This is usually the time of year I write a how-to article on safe seasonal shopping. And some of it is the usual generic advice – use a credit card, don’t click email links, use merchants you trust, etc. – but I like to include specific advice to deal with new seasonal threats. Wading into the deluge of threat warnings about Black Friday shopping schemes this year, I found mostly noise. There are plenty of real attacks consumers should be worried about, but many which aren’t worth the attention. And every article seems to have a particular agenda. For example, I have a hard time believing SMS banking scams are a real threat to holiday shoppers, in the same way I can’t imagine someone falling for a Nigerian banking scam or turning off their refrigerator because of a crank call. Some are so targeted at a small group, the news is only interesting to the most dedicated security researchers. Others attacks combine good old fashioned fraud with a few Search Engine Optimization shenanigans to game the system, causing a lot of people grief, but persist until law enforcement makes then a priority to investigate. Of the dozens of articles out there, they all seemed to feed the security theater, making it much harder to know what’s a real threat and what’s not.

I don’t know if Bruce Schneier coined the term Security Theater, but he’s certainly the first person I head use the expression. Over the years I thought I knew exactly what he meant: pretending to do something about security when not really doing much of anything. But every couple years I find a new wrinkle to the concept, and now the term embraces several variants. To my mind there are at least four additional variations on this theme, all quasi-political:

  1. Grandstanding: For the pure selfish desire to be front and center in a discussion, and a relevant force in the industry, talking about security topics in overheated terms such as ‘Cyber-War’, taking the popular side on a one-sided issue like spam, or stating “X technology is dead!”
  2. Voyeuristic Groupies: The audience for security theater. If you have ever been to Washington DC and watched the lawyers and lobbyists huddle around politicians and policy makers for the sheer enjoyment of watching partisan politics as if it were Shakespearean theater, you know what I am talking about. The audience for security theater is simply fascinated by the hacks and clever ways in which hardware, software, and people are subverted. They love security rock stars. Hacking news may not contain much actionable information, but this audience feeds on the drama.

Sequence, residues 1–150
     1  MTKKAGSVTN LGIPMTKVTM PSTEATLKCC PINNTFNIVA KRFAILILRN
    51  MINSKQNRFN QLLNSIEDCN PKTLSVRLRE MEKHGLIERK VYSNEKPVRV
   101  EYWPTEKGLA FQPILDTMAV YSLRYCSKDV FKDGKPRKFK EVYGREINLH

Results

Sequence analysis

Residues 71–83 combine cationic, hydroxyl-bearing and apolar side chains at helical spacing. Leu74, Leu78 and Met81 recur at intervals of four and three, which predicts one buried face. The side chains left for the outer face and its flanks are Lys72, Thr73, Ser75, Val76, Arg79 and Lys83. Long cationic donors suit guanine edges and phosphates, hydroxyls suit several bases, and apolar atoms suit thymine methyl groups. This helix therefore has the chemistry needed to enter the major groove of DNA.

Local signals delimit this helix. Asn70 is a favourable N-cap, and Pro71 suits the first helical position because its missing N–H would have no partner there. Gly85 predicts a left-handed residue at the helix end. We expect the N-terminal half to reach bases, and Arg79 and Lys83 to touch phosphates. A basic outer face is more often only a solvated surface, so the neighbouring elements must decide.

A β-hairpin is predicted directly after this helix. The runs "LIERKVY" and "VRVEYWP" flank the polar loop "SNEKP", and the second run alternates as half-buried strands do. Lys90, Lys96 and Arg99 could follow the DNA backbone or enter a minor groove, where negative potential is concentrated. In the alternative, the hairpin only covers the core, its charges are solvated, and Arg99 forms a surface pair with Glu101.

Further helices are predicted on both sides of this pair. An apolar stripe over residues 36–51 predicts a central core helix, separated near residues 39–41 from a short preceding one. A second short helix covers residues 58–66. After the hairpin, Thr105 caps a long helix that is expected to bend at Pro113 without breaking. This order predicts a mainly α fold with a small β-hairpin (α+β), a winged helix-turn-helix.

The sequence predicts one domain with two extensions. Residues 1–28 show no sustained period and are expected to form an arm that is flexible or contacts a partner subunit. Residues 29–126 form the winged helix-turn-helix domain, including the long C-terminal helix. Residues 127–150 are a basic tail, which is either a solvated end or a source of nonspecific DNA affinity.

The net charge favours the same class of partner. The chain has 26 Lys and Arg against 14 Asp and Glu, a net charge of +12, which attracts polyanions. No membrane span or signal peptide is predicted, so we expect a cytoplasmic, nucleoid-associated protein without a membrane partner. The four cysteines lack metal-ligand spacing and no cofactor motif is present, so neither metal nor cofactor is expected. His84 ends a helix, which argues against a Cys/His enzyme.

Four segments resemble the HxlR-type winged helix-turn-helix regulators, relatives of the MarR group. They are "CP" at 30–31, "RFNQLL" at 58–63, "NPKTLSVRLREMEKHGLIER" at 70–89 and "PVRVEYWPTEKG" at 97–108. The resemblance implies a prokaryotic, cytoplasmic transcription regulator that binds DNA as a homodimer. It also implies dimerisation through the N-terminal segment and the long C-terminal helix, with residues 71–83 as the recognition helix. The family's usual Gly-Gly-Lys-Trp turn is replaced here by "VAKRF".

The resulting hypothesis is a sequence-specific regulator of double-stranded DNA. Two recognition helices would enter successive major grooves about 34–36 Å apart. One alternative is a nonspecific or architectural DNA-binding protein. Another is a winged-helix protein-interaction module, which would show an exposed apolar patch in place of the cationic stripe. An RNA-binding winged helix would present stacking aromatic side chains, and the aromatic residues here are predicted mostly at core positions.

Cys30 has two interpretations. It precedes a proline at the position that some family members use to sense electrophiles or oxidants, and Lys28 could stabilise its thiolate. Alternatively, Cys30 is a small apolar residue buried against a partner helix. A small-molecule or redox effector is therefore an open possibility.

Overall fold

3. Red Herring: Cry loudly about one problem, while studiously avoiding equally troubling issues. A little security theater redirects the spotlight away from the real problem. Like how to protect oneself from Firesheep, when the real problem is security irresponsibility and sloppy web site coding practices, which are much harder to tackle. Or focusing attention on ATM skimmer fraud becoming more of a problem while releasing very little information on the rates of compromised point-of-sale computers that serve credit card readers. Both are serious security problems – and I am guessing that they cause equal financial losses – but we have published numbers in one instance and not for the other. I understand why: one makes the bank or merchant look like the victim, but the other makes them look too cheap/lazy/incompetent to provide security.
  4. Reverse Scamming: The ATM skimming article referenced above states that there are technologies that solve these problems, such as ‘Chip-and-PIN’ systems. The theoretical argument is that this system is better because it uses two-factor authentication (knowing your PIN and having the card with the chip in it), in practice these systems have been hacked with great success. Look no further that European ATM fraud rates if you have any doubt. If you are a vendor of such technologies, it’s sure great to have people think you can solve the problem, and maybe even get adopted it as a standard. What better way to fill the company coffers?

One thing we know for sure is that on-line fraud rates are on the rise, and both companies and individuas are targets. What we don’t have this year is one or two popular attack types to warn users about – rather we are seeing every known type. And this is further clouded byt seeing more ‘spin’ on security news than I have ever seen before. So this year’s advice is simple: use your head, and use your credit card. Hopefully that will keep you out of trouble, or at least reduce your liability if you do find any.